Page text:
Indeed, according to one Bible-study source, Biblos.com, the proper interpretation of Jesus’s words equates sickness with sin. Biblos says, “Sin no more—by this expression it was implied that the infirmity of this man was caused by sin—perhaps by vice in his youth. His crime or dissipation had brought on him this long and distressing affliction. Jesus shows him that he knew the cause of his sickness, and takes occasion to warn him not to repeat it. No man who indulges in vice can tell what may be its consequences. It must always end in evil, and not unfrequently it results in loss of health, and in long and painful disease. This is always the case with intemperance and all gross pleasures. Sooner or later, sin will always result in misery.”
Congress started opening the door to religious leverage on health policy as far back as 1973, when they passed the Public Health Service Act. Known as the “Church Amendment,” this legislation decreed that acceptance of federal funding for healthcare programs would not obligate faith-based health providers to do abortions and sterilizations if those procedures violated any moral or religious convictions.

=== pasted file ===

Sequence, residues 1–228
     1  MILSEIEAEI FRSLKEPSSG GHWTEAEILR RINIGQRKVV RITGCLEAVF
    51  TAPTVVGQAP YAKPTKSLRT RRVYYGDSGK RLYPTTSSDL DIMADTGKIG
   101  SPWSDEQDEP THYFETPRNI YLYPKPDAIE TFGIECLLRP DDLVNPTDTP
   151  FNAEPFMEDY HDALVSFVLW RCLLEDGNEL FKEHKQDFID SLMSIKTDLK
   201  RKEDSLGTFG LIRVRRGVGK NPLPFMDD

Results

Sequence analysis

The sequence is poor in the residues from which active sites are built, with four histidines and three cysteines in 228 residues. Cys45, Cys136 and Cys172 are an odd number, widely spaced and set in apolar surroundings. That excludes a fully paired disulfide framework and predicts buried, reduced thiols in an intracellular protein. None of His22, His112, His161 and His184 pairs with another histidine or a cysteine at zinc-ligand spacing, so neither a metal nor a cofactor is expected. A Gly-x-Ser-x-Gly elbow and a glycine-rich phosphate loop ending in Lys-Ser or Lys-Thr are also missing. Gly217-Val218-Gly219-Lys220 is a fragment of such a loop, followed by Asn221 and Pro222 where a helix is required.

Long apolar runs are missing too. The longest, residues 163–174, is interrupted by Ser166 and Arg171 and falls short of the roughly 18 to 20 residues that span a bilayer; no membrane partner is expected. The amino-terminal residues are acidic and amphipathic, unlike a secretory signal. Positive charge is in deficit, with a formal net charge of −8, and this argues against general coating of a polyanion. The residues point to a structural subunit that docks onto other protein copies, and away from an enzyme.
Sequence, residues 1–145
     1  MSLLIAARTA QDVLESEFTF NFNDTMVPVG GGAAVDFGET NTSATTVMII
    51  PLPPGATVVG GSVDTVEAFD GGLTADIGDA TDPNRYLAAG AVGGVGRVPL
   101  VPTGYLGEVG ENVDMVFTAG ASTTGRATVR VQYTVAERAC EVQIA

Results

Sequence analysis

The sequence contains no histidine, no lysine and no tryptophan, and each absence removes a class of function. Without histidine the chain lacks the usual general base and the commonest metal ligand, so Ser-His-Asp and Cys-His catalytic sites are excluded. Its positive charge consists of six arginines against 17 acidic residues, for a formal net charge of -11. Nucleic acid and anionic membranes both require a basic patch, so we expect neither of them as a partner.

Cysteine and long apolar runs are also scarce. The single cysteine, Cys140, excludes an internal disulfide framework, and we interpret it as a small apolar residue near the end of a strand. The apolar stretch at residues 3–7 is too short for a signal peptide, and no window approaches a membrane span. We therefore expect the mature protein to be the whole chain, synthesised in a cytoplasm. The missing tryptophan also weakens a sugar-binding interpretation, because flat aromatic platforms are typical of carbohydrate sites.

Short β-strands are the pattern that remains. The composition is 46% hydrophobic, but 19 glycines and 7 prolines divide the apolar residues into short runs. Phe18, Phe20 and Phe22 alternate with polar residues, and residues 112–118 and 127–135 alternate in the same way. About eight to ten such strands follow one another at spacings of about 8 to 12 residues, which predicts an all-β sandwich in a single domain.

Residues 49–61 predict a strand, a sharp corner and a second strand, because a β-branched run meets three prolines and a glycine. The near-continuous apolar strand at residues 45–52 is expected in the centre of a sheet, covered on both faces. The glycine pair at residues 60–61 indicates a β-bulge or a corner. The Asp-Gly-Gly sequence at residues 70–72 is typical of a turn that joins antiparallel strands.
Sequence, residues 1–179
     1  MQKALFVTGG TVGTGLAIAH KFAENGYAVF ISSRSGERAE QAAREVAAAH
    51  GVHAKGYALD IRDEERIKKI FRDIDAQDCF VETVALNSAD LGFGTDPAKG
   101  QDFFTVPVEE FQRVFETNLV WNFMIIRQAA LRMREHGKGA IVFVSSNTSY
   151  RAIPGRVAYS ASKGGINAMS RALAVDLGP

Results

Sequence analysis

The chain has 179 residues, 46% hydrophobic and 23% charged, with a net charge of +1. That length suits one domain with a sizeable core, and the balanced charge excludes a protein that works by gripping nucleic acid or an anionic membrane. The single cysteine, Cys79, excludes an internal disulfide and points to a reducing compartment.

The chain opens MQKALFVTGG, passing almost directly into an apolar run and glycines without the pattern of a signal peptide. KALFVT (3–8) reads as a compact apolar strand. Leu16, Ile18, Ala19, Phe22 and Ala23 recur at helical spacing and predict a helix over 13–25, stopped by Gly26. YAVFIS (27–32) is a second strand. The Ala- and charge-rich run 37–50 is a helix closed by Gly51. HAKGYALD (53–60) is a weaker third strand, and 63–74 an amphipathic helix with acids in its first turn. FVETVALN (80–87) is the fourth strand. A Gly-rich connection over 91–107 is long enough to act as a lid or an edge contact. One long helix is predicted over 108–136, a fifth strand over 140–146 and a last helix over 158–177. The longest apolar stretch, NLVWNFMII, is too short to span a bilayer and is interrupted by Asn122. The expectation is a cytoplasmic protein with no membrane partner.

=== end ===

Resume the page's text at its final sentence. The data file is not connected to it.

Incidents are already happening that reveal where anti-AIDS attitudes will go in this current atmosphere. Queerlandia’s blogger Jim Reeves reports this one: “Joao Simoe is suing Trinitas Regional Medical Center in Union County, New Jersey, Superior Court for denying him his HIV medications for five days, and refusing to allow his sister to visit.” Not only that, but a hospital doctor, Susan Borja, refused to treat Simoe—he was there for three days before he was allowed to contact his own doctor. Dr. Borja allegedly told Simoe’s doctor, “This is what he gets for going against God’s will.”
On other fronts, growing pharmacy refusals to provide women with contraception medications will broaden to include denial of HIV medications to gay and bi men, or even HIV-positive non-gays, on the same “moral” grounds.